For four and a half decades the Women’s Building has served and celebrated women within its walls and outside its walls with the building’s MaestraPeace Mural, celebrating powerful women, created by seven artists in 1994.
Since opening its doors, Women’s Building, which operates on the nearly million dollars a year, has served more than 1 million women, incubated and sponsored 170 emerging women’s organizations, including the Lavender Youth Recreation and Information Center, and provided a safe space for women and the LGBT community to come together, says Teresa.
“The community that we are serving is different than when it started,” says Kelly. “In the beginning it was very queer, it was very lesbian.”
Women – no matter where they come from – are equal in the eyes of the Women’s Building and its 18 staff members, seven of which are full-time and the rest are part-time, says Teresa.
“It’s safe and its fare. They know what we stand for and they know what we stand for and that’s really important,” agrees Kelly.
Teresa is focused on serving immigrant and low-income women, including queer and transgender women, who have been part of the most recent wave of women to walk through the front doors of the women’s building to continue the building’s legacy.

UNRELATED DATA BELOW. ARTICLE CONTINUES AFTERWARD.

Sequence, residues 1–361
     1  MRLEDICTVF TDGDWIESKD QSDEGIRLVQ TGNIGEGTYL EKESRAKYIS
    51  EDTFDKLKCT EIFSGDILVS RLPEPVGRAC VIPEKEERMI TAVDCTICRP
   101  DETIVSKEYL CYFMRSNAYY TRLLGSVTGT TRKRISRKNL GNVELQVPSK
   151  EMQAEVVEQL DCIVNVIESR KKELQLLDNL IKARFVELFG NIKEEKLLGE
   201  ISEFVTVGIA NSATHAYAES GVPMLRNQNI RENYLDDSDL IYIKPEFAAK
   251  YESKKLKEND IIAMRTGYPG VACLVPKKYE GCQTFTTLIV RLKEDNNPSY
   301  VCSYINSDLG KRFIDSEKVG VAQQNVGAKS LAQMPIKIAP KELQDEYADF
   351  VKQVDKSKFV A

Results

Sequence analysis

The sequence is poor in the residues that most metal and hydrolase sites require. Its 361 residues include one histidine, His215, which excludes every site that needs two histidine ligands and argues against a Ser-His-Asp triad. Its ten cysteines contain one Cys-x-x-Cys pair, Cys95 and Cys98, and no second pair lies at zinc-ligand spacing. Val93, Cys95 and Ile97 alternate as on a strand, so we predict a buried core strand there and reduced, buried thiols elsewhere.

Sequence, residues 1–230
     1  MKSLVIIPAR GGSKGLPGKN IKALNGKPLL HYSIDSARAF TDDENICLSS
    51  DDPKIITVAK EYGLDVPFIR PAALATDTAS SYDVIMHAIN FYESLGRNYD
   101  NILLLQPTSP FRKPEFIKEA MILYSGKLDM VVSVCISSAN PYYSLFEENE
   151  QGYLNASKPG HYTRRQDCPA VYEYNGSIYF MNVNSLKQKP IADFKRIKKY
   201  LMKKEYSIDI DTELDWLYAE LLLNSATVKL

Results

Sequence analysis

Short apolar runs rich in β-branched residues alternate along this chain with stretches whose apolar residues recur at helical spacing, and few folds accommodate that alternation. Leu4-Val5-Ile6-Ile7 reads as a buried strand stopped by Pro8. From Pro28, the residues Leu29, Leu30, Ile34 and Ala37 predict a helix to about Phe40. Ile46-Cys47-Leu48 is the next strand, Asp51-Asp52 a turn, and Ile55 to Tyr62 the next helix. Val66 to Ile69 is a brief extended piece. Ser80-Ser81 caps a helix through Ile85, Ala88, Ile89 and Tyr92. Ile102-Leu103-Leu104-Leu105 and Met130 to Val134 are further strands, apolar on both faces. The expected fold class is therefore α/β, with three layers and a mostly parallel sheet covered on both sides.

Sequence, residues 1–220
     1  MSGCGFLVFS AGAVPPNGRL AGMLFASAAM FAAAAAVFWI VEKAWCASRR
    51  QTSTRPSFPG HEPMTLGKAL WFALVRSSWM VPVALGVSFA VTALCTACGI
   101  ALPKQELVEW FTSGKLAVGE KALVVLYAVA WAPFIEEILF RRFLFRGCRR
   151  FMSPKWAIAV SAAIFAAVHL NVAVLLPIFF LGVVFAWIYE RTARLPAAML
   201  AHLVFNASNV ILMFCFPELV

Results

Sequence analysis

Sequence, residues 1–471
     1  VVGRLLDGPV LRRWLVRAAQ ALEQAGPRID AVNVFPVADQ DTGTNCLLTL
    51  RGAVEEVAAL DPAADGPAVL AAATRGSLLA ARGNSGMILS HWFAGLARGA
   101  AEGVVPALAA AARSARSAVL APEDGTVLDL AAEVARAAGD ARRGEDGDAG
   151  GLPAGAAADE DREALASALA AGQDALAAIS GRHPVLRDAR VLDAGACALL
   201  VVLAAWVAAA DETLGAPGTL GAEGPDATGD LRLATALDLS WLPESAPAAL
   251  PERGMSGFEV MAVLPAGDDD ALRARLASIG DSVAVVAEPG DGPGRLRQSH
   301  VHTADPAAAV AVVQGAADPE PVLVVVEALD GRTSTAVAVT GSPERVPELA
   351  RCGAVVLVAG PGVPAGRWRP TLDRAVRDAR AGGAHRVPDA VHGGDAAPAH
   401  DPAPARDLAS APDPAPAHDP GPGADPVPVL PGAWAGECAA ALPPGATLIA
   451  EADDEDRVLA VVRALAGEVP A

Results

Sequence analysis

During more than four decades, the Women’s Building’s purpose has grown from is lesbian-feminist foundation into continuing to serve low-income women and their families. It assists 25,000 clients and visitors each year seeking a variety of services from the building and the nine women’s organizations that avail themselves of the affordable office space and call the building home.
The building provides services helping women job seekers, tutoring from English as a Second Language to how to work on computers to wellness classes; and providing assistance from food at the a weekly food pantry, Cal Fresh & Food Pantry; to legal, tax assistance, and information and referral services. It also provides event space for the community.